- Keywords used in link text, both linking to your site and linking out your site. These links are not only important in quantity but also in the quality of the site linking to or from as well as how relevant the “anchor text” they are part of. This is covered in the Links Section
- Keywords used in the title of the individual web pages. This is covered in the Keywords Section. Please note: if you change the page title of the existing site, it will render the existing incoming links useless. Read section on “links” before changing it.
- Keywords in the heading and body of your web pages. This is covered in the Keywords Section.
- Web Pages that contain relevant text of at least 200 words. This is covered in the Keywords Section.
- Keywords in images and how to do it. This is covered in the Keywords Section.
- How often your site is updated. This is rather important as Google measures this frequency and uses it to measure how often it needs to crawl your site, e.g. a news site with a high authority is crawled a number of times a day. This is covered throughout and is vital.
- How fast you are at creating new links (in and out)
- How old the site is.
A few things to remember when setting up the structure:
- Don’t go too deep. Your “Home Page” is called the Root. After that you typically want to have your other pages, e.g. Studio Photography, Wedding Photography, etc. These are now sub sections. If you have, like I do, a Gear and Gadgets page it will have more sub sections, i.e. lens reviews, equipment reviews, which is another level down. Google does not like going lower than 3 levels as its “spiders” have a limited time on your website. Rather have as more pages in the first level with relevant text than have them at further down the levels.
- Make sure your “Title Pages” contain the primary keywords. I.e. Don’t have a page called “Studio” or “Studio Stuff” or “In The Light”. At best rather have the title “Studio Photography” which is a reasonable strong keyword set to use. This can be seen in the address bar when you navigate to the page, e.g. http://www.barendcraven.com/studio-photography.php Note here that Google recognised a hyphen as a space separating keywords and an underscore reads everything as one word (if you are coding the page, if you are using a site builder, it will put the hyphen in automatically.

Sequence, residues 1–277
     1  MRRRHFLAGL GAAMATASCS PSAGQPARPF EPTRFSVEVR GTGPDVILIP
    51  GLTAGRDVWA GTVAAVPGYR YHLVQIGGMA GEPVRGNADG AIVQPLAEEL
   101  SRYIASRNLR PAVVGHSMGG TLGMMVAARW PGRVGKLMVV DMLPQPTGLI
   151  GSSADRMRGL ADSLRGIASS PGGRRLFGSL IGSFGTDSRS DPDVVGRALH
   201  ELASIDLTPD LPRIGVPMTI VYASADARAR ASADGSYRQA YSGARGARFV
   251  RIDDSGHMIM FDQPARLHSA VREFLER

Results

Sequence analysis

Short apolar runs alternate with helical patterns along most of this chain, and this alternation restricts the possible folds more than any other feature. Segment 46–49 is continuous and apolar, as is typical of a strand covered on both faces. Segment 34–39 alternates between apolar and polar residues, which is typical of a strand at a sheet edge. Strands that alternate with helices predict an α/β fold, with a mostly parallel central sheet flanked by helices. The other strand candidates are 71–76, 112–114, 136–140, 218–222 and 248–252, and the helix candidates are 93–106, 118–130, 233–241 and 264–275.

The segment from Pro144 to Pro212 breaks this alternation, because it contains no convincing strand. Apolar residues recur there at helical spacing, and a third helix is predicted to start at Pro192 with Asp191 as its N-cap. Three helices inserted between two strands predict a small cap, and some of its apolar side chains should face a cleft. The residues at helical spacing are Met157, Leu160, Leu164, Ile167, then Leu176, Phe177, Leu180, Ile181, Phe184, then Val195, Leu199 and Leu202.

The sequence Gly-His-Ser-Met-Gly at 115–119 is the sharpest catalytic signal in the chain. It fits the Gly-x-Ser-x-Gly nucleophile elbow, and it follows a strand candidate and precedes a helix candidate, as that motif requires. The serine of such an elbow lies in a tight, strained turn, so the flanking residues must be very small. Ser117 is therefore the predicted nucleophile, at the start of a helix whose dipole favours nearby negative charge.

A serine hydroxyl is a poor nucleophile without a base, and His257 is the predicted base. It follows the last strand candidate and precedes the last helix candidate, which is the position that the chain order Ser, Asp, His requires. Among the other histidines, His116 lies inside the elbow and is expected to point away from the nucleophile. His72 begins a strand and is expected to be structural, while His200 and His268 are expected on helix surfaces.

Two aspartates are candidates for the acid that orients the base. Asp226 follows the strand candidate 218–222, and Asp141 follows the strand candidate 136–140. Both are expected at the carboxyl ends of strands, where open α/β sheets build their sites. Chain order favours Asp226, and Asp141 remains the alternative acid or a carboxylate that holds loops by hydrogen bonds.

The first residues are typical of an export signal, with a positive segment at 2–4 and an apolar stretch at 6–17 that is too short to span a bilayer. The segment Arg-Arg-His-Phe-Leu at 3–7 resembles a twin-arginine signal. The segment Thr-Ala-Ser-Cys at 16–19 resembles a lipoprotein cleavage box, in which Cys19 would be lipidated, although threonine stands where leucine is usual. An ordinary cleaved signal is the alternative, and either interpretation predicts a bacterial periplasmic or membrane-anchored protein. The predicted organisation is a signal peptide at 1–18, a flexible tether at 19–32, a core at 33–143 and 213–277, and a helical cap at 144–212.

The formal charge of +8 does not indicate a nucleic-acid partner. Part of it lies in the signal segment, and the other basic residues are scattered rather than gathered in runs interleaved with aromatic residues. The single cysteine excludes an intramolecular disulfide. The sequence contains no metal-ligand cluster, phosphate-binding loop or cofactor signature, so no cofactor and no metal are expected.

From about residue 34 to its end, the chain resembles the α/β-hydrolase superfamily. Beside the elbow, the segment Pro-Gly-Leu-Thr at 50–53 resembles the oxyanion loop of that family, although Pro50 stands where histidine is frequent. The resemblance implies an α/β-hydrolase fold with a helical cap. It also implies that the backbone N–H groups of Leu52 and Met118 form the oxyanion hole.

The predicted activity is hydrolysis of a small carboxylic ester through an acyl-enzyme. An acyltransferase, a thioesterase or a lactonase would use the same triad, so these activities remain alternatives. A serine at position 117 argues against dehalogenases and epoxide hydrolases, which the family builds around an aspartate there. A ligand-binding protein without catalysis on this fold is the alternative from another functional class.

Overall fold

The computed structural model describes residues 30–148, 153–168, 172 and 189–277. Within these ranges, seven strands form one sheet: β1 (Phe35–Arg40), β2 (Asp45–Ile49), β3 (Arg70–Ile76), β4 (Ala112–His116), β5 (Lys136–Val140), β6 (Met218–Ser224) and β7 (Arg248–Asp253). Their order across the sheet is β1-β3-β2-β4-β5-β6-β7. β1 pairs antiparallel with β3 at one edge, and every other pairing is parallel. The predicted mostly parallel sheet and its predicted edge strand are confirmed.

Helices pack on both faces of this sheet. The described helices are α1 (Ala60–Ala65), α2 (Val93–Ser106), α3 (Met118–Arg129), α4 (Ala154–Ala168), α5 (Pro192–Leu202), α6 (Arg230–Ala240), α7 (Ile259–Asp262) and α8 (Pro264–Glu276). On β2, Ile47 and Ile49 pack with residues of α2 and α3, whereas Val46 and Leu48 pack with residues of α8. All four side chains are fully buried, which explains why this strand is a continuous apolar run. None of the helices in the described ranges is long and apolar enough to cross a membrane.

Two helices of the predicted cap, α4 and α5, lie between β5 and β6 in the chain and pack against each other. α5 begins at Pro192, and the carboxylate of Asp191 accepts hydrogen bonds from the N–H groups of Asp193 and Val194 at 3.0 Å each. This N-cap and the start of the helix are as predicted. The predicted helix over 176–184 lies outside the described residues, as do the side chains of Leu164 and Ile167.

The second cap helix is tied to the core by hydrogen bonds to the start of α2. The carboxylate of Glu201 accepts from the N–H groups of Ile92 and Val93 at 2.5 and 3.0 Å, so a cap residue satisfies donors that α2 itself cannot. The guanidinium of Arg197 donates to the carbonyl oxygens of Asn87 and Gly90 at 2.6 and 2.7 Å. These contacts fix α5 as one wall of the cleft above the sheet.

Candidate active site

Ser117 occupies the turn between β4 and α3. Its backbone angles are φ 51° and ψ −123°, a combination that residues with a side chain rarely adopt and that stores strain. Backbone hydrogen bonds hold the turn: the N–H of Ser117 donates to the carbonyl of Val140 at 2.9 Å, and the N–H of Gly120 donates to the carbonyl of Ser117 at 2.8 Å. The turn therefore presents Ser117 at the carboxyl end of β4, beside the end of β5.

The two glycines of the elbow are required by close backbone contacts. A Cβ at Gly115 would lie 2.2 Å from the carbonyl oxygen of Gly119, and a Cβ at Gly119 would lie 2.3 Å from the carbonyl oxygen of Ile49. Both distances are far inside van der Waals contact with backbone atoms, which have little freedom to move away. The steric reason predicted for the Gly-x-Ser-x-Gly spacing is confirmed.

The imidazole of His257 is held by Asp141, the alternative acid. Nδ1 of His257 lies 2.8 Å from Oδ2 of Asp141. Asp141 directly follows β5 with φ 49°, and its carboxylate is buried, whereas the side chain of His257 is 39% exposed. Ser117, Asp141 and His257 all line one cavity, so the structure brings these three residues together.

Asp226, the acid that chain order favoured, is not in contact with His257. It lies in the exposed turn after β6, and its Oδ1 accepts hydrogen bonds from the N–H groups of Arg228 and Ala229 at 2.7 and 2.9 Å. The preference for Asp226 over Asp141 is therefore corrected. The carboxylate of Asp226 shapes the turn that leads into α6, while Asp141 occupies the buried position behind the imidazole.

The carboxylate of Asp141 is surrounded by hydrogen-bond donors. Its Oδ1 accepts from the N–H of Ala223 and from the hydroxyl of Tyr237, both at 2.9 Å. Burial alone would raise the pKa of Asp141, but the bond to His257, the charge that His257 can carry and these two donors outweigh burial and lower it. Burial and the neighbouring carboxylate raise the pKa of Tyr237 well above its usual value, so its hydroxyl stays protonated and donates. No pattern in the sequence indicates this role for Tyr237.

- Make sure your headings also contain the relevant keywords. These are referred to as H1 and H2 and if not present, Google will chose the first words. Looking at the above link, you will see the words “Studio Photography” as opposed to “What I like to do on a rainy day” in the large grey block at the top of the page.
- Steer clear of fancy flash sites and content other than text or images (as a photographer) these visuals are not easily searched by Google. Google searches plain text and images. If someone is doing a specific search for a “flash” or “.pdf” item it will come up in the SERPS but will be “orphaned” i.e. clicking on the result will take you to the pdf or flv file only and not to your site. Remember also if you have to have downloadable .pdf’s for model releases etc, ensure that the text in the .pdf is not similar to the text in any other pages on your site as Google will mark it as suspect with dire consequences.
Remember at all times when setting this up and populating your site:
YOUR SITE MUST CONTAIN QUALITY AND USEFUL CONTENT THAT PEOPLE WILL WANT TO READ AND ACTION.
This cannot be repeated often enough. If your site looks amateurish or is hard to navigate, people will leave it straight away. No amount of SEO will help you. You want to change visitors to customers and only a quality site will lead them to complete a form or send an enquiry. Google also measure a “hit” on your site as opposed to a “visitor” (someone who “browses” your site)
Once your domain is registered and your site structure is setup and published, you are ready to populate it and we can move onto the next section, Keywords.